Moving in, moving on
Ecosystem Preserve celebrates 25 years of education and inspiration

Fox with rabbit

Living systems are never static. Whether in wild lands or residential landscapes, creatures are born and die, come and go, and with such flux no forest, field or flowerbed is the same from year to year. So it has been in the Ecosystem Preserve. Changes in the plant community have been readily documented, and the trajectory of change seems consistent (see “Changes on the Land, p. 22). Shifts in the animal community, however, are more difficult to track. Nonetheless, careful observation, with occasional assists from technology, has revealed a variety of comings and goings of which the following is a sampler.

Over the past 25 years preserve watchers have identified 196 vertebrate species on the preserve. By their tally the preserve has hosted eight frog species, two salamanders, six turtles, three snakes, 146 birds and 26 mammals. Five fish species have been found in the various ponds. The totals provide a useful measure of the preserve’s ongoing diversity, but when species are traced from year to year, we find many transients. As habitats have changed, some animals have disappeared while others have moved in. Still other species have made brief appearances and then disappeared.

Among those that have disappeared are the bullfrog and leopard frog. These animals were common when the preserve was first established, but as old farm drains filled, marshy wetlands became ponds and they disappeared. Similarly, as succession changed farm fields from grasslands to shrublands, once common bobolinks and eastern meadowlarks moved on.

turtleAs time passed and habitats changed, new species appeared. The year 2009 was particularly good for new sightings. In late winter automated “camera traps” caught a coyote roaming the area. What at first seemed a lone animal later proved to be a pair that successfully raised pups in a den formerly occupied by a pair of red foxes. Summer explorations disclosed a previously unidentified turtle species, the common musk turtle, in the swamp at the heart of the preserve. The individual found was mature and encrusted with years of algae growth, indicating it had waited some time to be discovered. Later in the year our camera traps detected another, previously unseen mammal, a gray fox, which apparently had added the eastern fields to its daily foraging route.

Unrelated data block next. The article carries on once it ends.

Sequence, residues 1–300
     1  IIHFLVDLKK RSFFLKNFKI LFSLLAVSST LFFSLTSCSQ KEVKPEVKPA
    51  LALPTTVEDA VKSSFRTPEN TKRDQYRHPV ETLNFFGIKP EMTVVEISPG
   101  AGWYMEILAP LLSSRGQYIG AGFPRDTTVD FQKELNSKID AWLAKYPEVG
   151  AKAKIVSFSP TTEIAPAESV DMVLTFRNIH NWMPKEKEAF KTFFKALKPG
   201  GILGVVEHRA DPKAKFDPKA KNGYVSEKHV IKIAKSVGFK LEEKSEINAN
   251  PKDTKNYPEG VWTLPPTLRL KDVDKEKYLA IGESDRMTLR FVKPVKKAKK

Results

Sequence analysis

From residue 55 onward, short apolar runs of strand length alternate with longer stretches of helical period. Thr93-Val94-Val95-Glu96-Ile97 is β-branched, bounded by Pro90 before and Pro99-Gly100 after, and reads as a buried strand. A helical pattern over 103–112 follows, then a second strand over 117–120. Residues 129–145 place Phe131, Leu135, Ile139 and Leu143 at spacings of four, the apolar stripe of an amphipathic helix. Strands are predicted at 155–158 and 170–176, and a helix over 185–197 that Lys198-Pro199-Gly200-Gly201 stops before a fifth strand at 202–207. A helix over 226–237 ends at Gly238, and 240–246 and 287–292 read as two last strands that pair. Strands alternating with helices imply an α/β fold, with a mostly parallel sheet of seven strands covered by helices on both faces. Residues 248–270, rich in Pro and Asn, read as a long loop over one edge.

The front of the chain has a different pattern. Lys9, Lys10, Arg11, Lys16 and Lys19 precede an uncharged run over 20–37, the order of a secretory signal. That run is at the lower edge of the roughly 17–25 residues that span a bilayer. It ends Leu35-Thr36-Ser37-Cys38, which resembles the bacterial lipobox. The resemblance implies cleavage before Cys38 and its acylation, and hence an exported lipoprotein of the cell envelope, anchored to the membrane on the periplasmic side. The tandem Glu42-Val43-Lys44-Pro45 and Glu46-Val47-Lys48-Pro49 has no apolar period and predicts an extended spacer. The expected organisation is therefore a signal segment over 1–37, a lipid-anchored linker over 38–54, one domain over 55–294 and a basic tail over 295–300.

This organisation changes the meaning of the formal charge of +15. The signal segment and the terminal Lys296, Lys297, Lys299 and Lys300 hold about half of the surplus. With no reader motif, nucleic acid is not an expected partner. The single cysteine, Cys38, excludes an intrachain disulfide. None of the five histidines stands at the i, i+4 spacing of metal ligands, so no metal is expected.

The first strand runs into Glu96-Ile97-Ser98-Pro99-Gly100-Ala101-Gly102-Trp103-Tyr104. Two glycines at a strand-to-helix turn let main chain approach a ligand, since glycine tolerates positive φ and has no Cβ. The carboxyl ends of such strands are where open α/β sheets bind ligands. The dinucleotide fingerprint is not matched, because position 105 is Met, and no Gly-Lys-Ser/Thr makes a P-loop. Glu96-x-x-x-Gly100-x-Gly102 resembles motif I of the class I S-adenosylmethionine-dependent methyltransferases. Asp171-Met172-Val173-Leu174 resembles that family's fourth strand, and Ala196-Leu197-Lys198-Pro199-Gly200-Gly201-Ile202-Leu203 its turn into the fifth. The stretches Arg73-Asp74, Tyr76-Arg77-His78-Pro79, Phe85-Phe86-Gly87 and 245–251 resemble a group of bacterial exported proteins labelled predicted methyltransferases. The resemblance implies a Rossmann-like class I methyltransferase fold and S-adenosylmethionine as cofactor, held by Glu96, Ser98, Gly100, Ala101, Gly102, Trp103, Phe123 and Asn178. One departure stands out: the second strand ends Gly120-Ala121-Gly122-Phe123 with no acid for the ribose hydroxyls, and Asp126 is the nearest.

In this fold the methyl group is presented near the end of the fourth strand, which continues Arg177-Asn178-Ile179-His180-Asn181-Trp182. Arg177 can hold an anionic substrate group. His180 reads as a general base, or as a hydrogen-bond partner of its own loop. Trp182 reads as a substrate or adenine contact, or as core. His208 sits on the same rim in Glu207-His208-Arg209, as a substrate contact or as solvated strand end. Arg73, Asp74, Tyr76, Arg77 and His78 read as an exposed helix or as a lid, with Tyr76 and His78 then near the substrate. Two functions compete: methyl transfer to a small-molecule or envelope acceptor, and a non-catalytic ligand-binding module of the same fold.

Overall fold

Perhaps most intriguing are the species that unexpectedly appear and almost as quickly are gone. In 1985, as we completed work on the trails system, an immature yellow-crowned night heron stationed itself in the pond at the north entrance of the preserve and spent three weeks fishing the pond. The bird was clearly outside its species’ normal range, but its ease with the place seemed a validation of the efforts made to establish the preserve.

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A more recent transient was a pond turtle, the red-eared slider, which appeared in the pond outside the Bunker Interpretive Center in 2008. This turtle is not native to Michigan and has not been previously reported in the wild around Grand Rapids. For many years this species was a popular pet store offering, and many pet sliders have been released into Michigan waters where they have thrived. Such a release may account for the two large turtles that summered outside the Interpretive Center and then disappeared.

List-making can be a compelling activity; just ask any birdwatcher with a life list. But lists are formed from incidental contacts with lives lived by means wholly outside the experience of the human observer. In that regard a species list can be an invitation to explore the lives the list hint at. If you are visiting the Ecosystem Preserve and want an idea of the creatures you might get to know there, visit www.calvin.edu/academic/eco-preserve/ for our species lists.       

Randy Van Dragt